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Greentree Naturals Newsletter Spring 2011

seedlings in the hoop

Seedlings in
the Hoop

The spring ahead time change is always a good signal that the seasons are transitioning. It is a subtle transformation from winter to spring because it is still cold and there are plenty of snow covered mountains surrounding us; but it is melting. The rivers and creeks are rising with the snow melt and our driveway has turned into a mud pit. This is the first year in 24 years that we have had to park at the bottom of the driveway and walk in to avoid making ruts in the muddy spots. Once the snow started to melt, it was as though the earth melted with it. One morning after an all night rain, I went outside to observe my van sinking into a giant mud pit in the driveway. It didn’t sink very far, just enough to make giant ruts in the parking area when I attempted to get out of it. I have talked with many of my neighboring rural community and the consensus is this is the worst spring break up any of us have experienced. The pot holes in the roads are getting large enough to make you cringe each time to drive over one. I suspect that many of us will need to get a front end alignment on our rigs once it’s over (anything with four wheels is referred to as a “rig” here).

We recently moved over 1,200 seedlings out of the attached greenhouse; they are now out in a hoop house where they will harden off and adjust to being outside. The next day, I went out to check on them and a mouse had eaten quite a few of the baby cabbages and broccoli plants. We set out a number of mouse traps and I sprinkled cayenne pepper all over everything. This should help unless we managed to have some Mexican mice out there that happen to love hot stuff! We have four cats that are supposed to be helpful with the mouse populations. Only two of them hunt with any kind of enthusiasm.

It’s seeding time, so we have plenty of baby plantlets growing now. Some will be transplanted into the garden; others will get potted up into larger pots and sold at the farmers market. We are trying a few new varieties this year, which we always do. It’s good to think outside the box when it comes to growing vegetables. Why grow the exact same thing every year? Of course, once we’ve found a favorite, it stays on the list forever. And sometimes the new trial variety turns out to be not so great. Last year we tried out a new red cherry tomato that really didn’t taste all that great and wasn’t a very productive plant.

This year, we are trying out a golden snow pea and a purple podded snap pea. Both of these will be specifically for using as a garnish with the restaurants and caterers that we work with. They love having something unusual on the plate, and I love having people say “I’ve never seen anything like that before!”  Sometimes growing something different will encourage people to try out a new vegetable. We have often found that children that typically hate green beans will enthusiastically devour purple beans raw. It is my thinking that perhaps the only green beans they have ever been fed were out of a can. I know that I hated beets for most of my life, having only eaten canned beets. Fresh is so delicious and earthy tasting that it is now a favorite vegetable. I have also had CSA customers tell me that they have broadened their vegetable palate after eating all the farm fresh varieties that we provide them.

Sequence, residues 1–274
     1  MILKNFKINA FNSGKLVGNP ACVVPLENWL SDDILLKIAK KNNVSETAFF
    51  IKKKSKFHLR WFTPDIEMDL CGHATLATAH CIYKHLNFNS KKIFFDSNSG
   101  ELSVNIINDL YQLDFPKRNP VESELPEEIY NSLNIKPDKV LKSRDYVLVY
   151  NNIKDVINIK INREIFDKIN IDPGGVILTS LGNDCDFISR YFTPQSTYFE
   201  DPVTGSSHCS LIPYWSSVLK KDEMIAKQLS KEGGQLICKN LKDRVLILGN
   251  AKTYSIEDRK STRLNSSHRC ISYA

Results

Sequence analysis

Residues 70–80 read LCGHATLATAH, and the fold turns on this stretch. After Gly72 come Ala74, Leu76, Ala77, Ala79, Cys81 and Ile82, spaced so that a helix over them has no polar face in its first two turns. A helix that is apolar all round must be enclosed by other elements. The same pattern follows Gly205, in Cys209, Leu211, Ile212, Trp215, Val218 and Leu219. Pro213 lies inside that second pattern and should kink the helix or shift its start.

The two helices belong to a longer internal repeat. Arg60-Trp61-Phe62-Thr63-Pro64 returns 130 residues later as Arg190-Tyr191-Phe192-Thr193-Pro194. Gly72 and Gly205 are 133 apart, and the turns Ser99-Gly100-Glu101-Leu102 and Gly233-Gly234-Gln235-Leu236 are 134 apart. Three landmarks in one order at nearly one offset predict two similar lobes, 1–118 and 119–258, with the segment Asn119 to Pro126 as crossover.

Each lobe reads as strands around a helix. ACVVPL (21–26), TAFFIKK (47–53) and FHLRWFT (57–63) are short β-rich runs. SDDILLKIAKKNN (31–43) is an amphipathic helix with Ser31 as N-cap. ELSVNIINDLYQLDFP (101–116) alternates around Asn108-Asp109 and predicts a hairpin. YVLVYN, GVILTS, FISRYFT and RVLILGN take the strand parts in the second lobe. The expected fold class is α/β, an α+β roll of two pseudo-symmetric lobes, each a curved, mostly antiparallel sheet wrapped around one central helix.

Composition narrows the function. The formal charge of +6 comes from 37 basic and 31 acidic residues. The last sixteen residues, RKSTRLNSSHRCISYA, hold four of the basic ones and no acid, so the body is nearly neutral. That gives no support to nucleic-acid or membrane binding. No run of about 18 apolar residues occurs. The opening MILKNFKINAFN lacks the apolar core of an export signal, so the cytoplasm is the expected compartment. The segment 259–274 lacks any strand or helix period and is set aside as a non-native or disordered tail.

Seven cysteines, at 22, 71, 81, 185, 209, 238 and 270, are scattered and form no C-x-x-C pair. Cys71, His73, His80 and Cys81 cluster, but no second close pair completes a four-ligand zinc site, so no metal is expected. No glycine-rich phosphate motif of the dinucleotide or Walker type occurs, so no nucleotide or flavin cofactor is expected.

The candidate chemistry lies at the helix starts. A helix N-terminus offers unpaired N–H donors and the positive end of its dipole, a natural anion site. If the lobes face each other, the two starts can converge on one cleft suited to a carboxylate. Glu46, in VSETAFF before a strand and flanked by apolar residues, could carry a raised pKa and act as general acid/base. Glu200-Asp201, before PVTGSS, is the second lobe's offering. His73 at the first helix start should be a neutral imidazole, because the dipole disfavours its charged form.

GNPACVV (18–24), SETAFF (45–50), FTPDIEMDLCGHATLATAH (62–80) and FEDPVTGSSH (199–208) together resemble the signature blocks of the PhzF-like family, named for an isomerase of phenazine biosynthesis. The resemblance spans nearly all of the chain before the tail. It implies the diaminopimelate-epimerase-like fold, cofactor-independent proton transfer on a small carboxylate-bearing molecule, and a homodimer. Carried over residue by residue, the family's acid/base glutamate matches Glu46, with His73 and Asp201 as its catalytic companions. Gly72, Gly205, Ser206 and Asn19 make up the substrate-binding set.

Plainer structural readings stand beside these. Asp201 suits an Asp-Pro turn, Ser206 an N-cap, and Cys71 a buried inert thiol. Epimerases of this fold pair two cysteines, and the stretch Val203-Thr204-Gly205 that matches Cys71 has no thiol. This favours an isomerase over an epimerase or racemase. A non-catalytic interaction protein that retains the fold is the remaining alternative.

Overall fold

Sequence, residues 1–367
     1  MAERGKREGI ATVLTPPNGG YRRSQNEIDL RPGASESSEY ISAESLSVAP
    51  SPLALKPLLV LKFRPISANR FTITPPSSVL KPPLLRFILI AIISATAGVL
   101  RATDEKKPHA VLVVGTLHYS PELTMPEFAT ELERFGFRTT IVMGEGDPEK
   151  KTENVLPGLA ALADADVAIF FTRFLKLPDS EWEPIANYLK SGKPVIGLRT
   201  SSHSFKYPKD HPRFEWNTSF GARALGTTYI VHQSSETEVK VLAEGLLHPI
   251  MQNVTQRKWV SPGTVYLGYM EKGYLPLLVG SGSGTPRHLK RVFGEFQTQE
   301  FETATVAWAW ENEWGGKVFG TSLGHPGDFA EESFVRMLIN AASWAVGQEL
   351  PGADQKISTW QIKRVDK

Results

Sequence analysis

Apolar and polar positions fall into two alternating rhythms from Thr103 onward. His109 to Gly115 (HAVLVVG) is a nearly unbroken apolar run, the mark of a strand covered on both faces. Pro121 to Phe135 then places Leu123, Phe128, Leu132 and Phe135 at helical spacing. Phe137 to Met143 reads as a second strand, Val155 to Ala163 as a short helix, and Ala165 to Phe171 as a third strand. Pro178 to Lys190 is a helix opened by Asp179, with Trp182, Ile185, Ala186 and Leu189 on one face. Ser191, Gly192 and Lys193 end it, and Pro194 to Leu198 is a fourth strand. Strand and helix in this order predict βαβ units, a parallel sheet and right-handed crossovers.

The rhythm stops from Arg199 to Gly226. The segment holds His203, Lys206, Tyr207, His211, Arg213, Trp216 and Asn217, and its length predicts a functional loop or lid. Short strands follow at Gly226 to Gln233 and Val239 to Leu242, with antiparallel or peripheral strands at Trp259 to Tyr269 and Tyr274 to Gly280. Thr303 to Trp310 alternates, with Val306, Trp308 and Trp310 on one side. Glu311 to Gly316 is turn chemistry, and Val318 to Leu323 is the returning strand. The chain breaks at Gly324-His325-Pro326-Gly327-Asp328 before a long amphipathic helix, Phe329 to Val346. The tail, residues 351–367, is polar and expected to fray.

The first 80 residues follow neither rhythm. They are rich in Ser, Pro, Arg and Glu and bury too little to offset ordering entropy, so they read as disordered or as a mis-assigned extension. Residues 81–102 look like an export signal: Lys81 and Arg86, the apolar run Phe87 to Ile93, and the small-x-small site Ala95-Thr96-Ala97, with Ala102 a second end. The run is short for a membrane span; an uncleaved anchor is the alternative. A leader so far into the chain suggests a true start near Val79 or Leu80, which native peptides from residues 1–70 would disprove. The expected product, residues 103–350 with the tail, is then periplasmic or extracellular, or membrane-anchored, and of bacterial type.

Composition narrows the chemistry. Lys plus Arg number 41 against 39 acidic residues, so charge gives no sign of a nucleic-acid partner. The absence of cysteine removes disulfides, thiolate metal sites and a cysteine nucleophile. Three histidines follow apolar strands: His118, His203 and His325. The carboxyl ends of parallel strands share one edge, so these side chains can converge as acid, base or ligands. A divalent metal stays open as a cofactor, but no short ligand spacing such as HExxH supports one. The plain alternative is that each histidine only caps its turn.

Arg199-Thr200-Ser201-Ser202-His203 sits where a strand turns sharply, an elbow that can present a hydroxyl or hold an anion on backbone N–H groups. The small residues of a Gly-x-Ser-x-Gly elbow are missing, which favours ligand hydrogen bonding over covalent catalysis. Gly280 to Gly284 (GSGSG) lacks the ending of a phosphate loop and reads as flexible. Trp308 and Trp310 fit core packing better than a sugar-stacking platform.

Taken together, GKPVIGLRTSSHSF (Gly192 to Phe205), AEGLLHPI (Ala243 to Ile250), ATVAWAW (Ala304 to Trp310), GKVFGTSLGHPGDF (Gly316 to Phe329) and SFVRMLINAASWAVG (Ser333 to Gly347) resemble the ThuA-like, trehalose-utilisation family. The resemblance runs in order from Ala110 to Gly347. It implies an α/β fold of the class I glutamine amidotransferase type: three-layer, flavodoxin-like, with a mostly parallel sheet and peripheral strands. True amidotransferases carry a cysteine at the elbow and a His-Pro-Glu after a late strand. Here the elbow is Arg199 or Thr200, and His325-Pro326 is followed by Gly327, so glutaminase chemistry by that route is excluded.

I completed teaching a twelve week on-line course in Sustainable Small Acreage Farming and Ranching, the second of April. This has been a most interesting experience. I’ve learned a bit about on-line “stuff” that was new to me, and found myself challenged to build a bridge with my students due to the distance and lack of one-on-one exchange, which is one of the things that I so love about teaching. I would do this again, but perhaps make some significant changes that would enable more time chatting and communicating with the participants.

My Planning the Garden Workshop on CDhas been selling well and we have received some excellent reviews about it. I am happy about the way the CD came out and feel that the information in this will inspire and assist lots of people to take the time to plan out their gardens. This workshop on CD format is the first of our Organic Gardening workshop series that will be developed.  We are gearing up for our on-farm organic gardening workshops which will begin May 9th. My goal is to develop the on-farm workshops all into a CD format so we can outreach beyond our local community. We are also going to have a Hoop House Construction / Season Extension workshop on April 30th (see the What's Happening On the Farm page for details). I will be presenting at a Small Farms Conference in Spokane, Washington on April 16th with the topic of “Season Extension”.

gourds

Gourds

It would seem that we rarely run out of things to do here. I am always perplexed when people tell me that they get bored. This is a foreign concept to me as there is always something to do and more things on my lists than there are hours in the day to get them done. I am not a hyper personality; I just like to accomplish something every day.  For example, when we sit down to watch television, it is rare that I am not doing something while I watch. Lately, I have been wood burning designs on gourds that we grew. I used to do this as a craft for arts and crafts shows and got out of it. I was feeling a need to do somewhat creative that did not involve teaching or developing how to guides, and gourd crafts seem to meet this need. It gives me an opportunity to reflect on my Oklahoma heritage with Native American type designs.

    ~  Diane

 



 

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